LS council drops demand for Hy-Vee expansion plan

rpulley@lsjournal.comSeptember 25, 2013 

Lee’s Summit’s City Council decided to cooperate with the Hy-Vee East grocery and allow it a permit for storage trailers without first submitting a plan for store expansion.

Councilmember Bob Johnson at the council’s Sept. 19 meeting moved to amend the previous agreement to remove a stipulation that required the company to submit a plan for eventually adding indoor storage before the city issued a special-use permit.

A one-year limit on the permit gives the company time to do planning and if it does not present offer a plan, the council can consider that, if Hy-Vee asks for a renewal of the permit, he said.

Council members Derek Holland and Allan Gray, who at the previous meeting had voted against the permit without the stipulation, voted yes, although Gray voted no on the motion to amend the ordinance. Ed Cockrell, who had vehemently objected to the permit, was not at the meeting. Rob Binney left the meeting temporarily and did not vote. Brian Whitley voted no, and the rest of the council voted yes.

“I’m proud of the job Bob Johnson did,” said Mike Barnett, a Hy-Vee employee.

The company had sought the permit because it needed extra storage when it was running specials. Cockrell opposed them because he said it was “blight” and said would set a precedent for other retailers to use storage trailers.

Holland said Hy-Vee “is a good corporate citizen and we need to respect that” and added the grocery chain should take its commitment seriously, because he would be against any extension of the permit.

Councilman David Mosby said the change “gets away from bullying and more toward fostering business.”

In other actions, resident Dale Coy asked whether the city would use some kind of website to inform residents of progress made on snow removal during storms.

Bob Hartnett, deputy director of public works, said the department was recommending no, when he made a report on preparations for winter. Hartnett said other cities are finding such systems called more calls from residents, who don’t interpret the situation on the website correctly or have questions.

In Lee’s Summit, the department has two systems, a computer system coupled with GPS from a third party vendor, which it uses that pinpoints locations of individual trucks during storms. It has an in-house system for highlighting neighborhoods as they are finished, created by the city’s information technology department.

Hartnett said that the city is concerned about driver safety and overloading servers for programs.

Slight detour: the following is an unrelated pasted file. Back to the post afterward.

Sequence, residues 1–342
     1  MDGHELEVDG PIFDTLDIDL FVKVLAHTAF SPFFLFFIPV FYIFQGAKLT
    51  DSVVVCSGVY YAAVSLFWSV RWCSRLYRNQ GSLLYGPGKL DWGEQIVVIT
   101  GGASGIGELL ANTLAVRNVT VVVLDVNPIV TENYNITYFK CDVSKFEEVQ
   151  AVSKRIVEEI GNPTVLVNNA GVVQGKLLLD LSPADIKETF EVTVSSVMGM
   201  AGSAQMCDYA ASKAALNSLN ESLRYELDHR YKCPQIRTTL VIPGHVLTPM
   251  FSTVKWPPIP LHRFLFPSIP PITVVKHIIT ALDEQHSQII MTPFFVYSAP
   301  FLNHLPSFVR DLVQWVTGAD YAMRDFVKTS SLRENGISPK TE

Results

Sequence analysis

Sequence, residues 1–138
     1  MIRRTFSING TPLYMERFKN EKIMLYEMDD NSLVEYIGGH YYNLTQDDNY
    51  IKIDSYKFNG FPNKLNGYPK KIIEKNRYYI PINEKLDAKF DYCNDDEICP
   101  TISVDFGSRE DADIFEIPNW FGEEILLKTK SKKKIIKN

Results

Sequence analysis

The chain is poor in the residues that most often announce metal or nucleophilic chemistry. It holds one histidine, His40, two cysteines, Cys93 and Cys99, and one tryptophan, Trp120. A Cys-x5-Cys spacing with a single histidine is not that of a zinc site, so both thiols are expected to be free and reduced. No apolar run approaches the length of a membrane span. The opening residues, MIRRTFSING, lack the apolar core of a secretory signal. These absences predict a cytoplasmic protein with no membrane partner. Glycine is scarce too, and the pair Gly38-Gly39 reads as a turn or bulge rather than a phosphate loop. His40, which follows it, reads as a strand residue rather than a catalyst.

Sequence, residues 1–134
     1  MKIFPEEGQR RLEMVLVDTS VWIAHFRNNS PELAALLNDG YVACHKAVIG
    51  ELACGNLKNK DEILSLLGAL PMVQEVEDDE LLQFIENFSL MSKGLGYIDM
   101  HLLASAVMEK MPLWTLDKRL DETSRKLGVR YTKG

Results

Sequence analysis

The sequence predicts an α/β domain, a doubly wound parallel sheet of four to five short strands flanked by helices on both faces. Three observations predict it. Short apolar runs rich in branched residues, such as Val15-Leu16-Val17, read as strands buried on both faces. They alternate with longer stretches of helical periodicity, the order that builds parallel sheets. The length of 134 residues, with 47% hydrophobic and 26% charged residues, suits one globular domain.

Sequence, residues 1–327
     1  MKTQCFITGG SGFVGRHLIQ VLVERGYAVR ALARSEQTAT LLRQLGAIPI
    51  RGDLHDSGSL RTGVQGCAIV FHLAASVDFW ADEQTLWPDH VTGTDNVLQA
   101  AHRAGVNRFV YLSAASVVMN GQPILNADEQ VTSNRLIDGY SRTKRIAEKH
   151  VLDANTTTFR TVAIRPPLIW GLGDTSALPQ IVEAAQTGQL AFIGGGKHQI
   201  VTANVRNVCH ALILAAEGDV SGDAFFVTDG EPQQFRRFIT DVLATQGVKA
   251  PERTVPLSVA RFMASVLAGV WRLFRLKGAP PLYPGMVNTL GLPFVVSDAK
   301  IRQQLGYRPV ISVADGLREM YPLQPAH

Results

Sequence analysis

He said irate residents have come into the street to harass drivers, so the city didn’t want publicize the exact locations of snowplows as they were advancing. And residents could be confused, because the city changes the order in which it plows streets, so that the same neighborhoods don’t get plowed first every time.

Cost was another factor against the service. An upgrade of its system, at a cost of $52,000 and about $8,000 a year for maintenance, could make it available for public viewing.

Also, the Lee’s Summit City Council:

• set the city tax rates, which will not change from last year.

• continued a public hearing on orthodontists Craig Grider’s proposal to build a clinic downtown until Oct. 3 at his request.

• heard a report on a planned citizen survey.

Mark Dunning, director of codes administration, said the city staff wants council members to submiioint several questions to be added to the survey, which is completed every several years to track public opinions about city services.

The survey will cost about $19,000, Dunning said. It will be conducted by a research company the city uses periodically, which will mail surveys and follow-up with phone calls that will insure there are an adequate number of responses to get an accurate representation, from all areas of the city.

The company will mostly ask the same questions from prior surveys, allowing the city to measure itself against its past performance, and against neighboring communities using the same survey, Dunning said.

The city might ask some questions about how much public support there should be for private projects, Johnson said.

“Should there be a public subsidy for residential property?” Johnson said.

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